The North Fork of the Nehalem River converges with the main stem just before the river reaches the town of Nehalem and spreads out into Nehalem Bay. Though the upper reaches of the river are small and technical, the river has a larger, slower flowing character near the convergence. This section is a great paddle for beginner and intermediate paddlers looking for a scenic exploration of a quintessential coastal waterway. While there are no technical spots in this lower section, paddlers will have to take weather and tidal conditions into account.
Because the North Fork enters the main so close to the river’s mouth, tidal influence is a factor here. Likewise, the geography of Nehalem Bay frequently allows for some very powerful winds to dominate the area by early afternoon. All of this provides both challenges and opportunities for a paddler in the area: if you can set a shuttle at the bridge and paddle with the incoming tide, you can easily follow a tidal current "upstream" for a few miles at a pretty fast pace. This upstream pace can be even faster when wind from the bay picks up by mid-morning and begins to push up the river.
River access for shuttles on the North Fork is complicated, however, for most of the land on the river is privately owned. Consequently, to access the North Fork one really must consider a round-trip paddle, and the uppermost access is via the City of Nehalem Public Dock. Mornings can be still and beautiful, which keeps the wind variable out of your equation. The tide is all that is left to consider, though paddling against the tide isn’t too difficult and really just takes a little more effort.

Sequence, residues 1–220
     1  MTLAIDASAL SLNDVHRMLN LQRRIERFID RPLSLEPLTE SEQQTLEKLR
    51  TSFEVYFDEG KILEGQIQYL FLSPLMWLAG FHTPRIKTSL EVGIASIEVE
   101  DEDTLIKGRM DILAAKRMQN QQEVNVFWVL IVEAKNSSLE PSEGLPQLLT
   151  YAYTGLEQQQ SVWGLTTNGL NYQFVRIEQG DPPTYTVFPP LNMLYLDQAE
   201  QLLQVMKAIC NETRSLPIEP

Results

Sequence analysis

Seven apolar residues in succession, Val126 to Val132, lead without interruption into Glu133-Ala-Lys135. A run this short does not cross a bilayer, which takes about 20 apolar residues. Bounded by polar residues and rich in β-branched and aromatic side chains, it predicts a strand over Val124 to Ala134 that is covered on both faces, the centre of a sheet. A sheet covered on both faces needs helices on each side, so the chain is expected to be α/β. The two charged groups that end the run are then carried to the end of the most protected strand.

For instance, our paddle began at 8:30 a.m. in calm conditions with an incoming tide. The paddle upstream was effortless and beautiful, even in the early morning costal fog. Fishing boats worked the main Nehalem at slow speeds, observing the no-wake limit, and a great blue heron from one of the North Fork rookeries worked the bank for its own catch. About a mile from the dock the North Fork splits left, and from here the time and distance you paddle are up to you. Our turn around was approximately 4 miles from the dock, past the rookeries and into the more agricultural section of the river. Returning meant working against both the incoming tide and a light breeze that began by 10:30 a.m. (making a 7 a.m. departure look like a better choice!). And even with these factors our return took only slightly more time than our outbound trip, though it required more and harder paddling.
If conditions aren’t ideal or you are looking for an easier paddle, take the short trip down to Lytle Lake. Nehalem State Park is also nearby and offers access to the bay in addition to several camping options.